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Budget for care but impossible to find - no equipment either

ChristinepcChristinepc Member Posts: 1 Listener
edited January 2018 in Disabled people
Hello anyone.  I have Classic EHLERS-Danlos syndrome, Complex post traumatic stress and Dissociative Identity Disorder, ( previously know as Multiple Personality Disorder)   I was a Nhs trained Nurse and Midwife with later study at Uclan reading for a Bsc in Homepathic Medicine. My interests include exercise and nutrition/ and it's role in health and recovery   I am living alone now after a year in Hosp and have no mental health support at all but a budget for paying for care, which is impossible to find in my rural area.  I am very lonely. ( aged 65) I take no medication and at the moment I am still managing without disability equipment. 

Replies

  • Sam_AlumniSam_Alumni Scope alumni Posts: 7,731 Disability Gamechanger
    Hi @Christinepc
    Welcome to the community, I am sorry to hear that you are struggling.  I have moved your post over to the Occupational Therapy advisor where I hope @Jean_Scope may be able to offer a few ideas.
    Scope
    Senior online community officer
  • Daugjtet1Daugjtet1 Member Posts: 3 Listener
    Hello Christine, yes sometimes you feel that you are alone but there are so many people feeling isolated, we could use this platform as a start and see what differences we could make... 
  • Jean_OTJean_OT Member Posts: 528 Pioneering

    Hi @Christinepc

    Welcome to the community. I’m sorry there has been a longer than usual delay in me responding to your post, unfortunately I have been unwell for a few days.

    It sounds as if you have extensive experience of the health and social care sector, both personally and professionally, so I’m not sure that there is much that I will be able to say that you are not already aware of. However, your post raises a number of important issues that I want to try to acknowledge point by point:

    1. Lack of mental health support – if you have been assessed as needing mental health support and it isn’t being providing you need to flag that up with them. If necessary escalating it up the line of management or making a formal complaint. Alternatively, if the professionals involved with your care feel that at the moment you are not sufficiently unwell to meet their threshold for ongoing services, and you disagree with their decision, you will need to talk to them again. A GP can sometimes be a good person to talk to initially if you are not currently under the care of a community mental health team. It might also be worth exploring voluntary sector mental health organisations such as Sane http://www.sane.org.uk/ or Mind https://www.mind.org.uk/ to see if they can offer you any support.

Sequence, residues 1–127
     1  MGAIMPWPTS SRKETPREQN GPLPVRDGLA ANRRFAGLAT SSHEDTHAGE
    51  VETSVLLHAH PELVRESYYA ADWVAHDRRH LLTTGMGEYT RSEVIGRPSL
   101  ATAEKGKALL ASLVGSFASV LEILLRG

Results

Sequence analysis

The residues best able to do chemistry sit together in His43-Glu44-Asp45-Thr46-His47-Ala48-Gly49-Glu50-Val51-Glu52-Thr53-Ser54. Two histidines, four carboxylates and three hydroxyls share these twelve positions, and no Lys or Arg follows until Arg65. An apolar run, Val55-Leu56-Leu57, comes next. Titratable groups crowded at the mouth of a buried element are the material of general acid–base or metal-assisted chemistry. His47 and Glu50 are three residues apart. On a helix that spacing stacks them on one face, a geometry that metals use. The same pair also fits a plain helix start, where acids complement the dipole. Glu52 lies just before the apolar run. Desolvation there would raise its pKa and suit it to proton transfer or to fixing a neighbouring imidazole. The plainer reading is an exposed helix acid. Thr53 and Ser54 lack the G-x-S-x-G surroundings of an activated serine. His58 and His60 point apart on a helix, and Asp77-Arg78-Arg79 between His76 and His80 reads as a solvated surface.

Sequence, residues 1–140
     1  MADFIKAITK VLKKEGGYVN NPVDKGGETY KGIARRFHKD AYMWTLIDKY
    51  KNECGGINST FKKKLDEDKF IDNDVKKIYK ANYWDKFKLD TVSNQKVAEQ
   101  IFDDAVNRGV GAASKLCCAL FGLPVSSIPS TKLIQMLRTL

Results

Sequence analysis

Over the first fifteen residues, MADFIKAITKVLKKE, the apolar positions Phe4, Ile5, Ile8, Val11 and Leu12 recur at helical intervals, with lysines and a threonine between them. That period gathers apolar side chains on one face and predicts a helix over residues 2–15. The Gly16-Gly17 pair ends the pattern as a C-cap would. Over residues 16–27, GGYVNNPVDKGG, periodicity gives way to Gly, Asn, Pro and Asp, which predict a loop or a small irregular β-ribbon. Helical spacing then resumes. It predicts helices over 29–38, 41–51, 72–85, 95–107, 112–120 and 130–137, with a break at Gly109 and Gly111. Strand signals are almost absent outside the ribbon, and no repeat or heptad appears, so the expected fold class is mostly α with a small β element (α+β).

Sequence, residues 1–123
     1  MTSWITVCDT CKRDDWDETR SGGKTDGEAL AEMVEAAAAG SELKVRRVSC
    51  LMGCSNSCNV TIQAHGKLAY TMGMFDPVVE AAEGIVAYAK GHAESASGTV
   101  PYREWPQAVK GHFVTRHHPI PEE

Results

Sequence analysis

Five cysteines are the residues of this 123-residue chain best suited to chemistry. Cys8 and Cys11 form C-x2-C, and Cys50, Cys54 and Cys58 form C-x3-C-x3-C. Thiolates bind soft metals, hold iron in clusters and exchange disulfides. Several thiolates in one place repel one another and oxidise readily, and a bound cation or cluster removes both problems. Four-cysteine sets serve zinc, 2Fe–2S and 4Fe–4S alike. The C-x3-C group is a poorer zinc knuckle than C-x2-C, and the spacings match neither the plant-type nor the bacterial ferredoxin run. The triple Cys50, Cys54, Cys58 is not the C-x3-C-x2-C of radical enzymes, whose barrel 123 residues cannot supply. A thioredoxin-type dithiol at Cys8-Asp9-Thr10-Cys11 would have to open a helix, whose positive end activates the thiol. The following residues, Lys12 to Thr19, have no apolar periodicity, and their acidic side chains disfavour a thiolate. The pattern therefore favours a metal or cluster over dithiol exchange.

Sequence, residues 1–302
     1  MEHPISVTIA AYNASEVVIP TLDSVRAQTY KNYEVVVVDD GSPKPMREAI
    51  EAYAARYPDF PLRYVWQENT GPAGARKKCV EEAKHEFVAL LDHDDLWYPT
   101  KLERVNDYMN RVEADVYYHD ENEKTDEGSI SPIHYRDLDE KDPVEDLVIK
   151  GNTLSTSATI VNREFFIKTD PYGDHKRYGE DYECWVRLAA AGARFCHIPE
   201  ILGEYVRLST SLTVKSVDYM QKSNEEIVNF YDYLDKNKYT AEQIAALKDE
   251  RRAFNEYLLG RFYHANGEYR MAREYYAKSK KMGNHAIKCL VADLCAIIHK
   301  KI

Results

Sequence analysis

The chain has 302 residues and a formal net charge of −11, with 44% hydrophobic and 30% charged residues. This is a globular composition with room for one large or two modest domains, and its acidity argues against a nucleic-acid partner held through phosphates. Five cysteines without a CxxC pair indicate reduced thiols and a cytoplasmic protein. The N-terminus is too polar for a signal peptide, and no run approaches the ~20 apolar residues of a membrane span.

2. Unable to obtain care using personal budget – if you have been assessed as needing care, and you are not receiving it, this isn’t a situation that you should allow to go unaddressed. Unfortunately, we have known local authorities argue that if someone has been ‘coping’ without receiving the care that they were originally assessed as needing that this is evidence that person is able to manage ok without it. Therefore, I would advise that you contact the local authority as soon as possible and pursue one of the two possible solutions to this situation: a) that as you haven’t been able to arrange your care yourself you want them to provide it for you instead of having direct payments or b) that you can evidence that your budget is inadequate to get care in your rural location and therefore you need them to look at it again to find a solution that would make it workable (i.e. allow extra money to pay mileage for a carer to drive to your home or offer a more attractive hourly rate).

    3. Feeling lonely – it known that loneliness and isolation can have a really negative impact on a person’s well-being. As Daugjtet1 has already said getting involved with an online community, such as this one, can help to ease isolation. The voluntary sector organisations I have already mentioned might also have some ideas for ways that you could make contact with others. Libraries and community centres are often good sources of information about what is happening locally, although I appreciate that accessing them is not always possible for those living rurally.     

    4. Managing without disability equipment – it is hard to comment on this without knowing what equipment it is that you feel that you need and what steps have already been tried to obtain it. Perhaps you could tell me a bit more about what the difficulty is?

    Best Wishes

     

    Jean

     

    Jean Merrilees BSc MRCOT

    You can read more of my posts at: https://community.scope.org.uk/categories/ask-an-occupational-therapist

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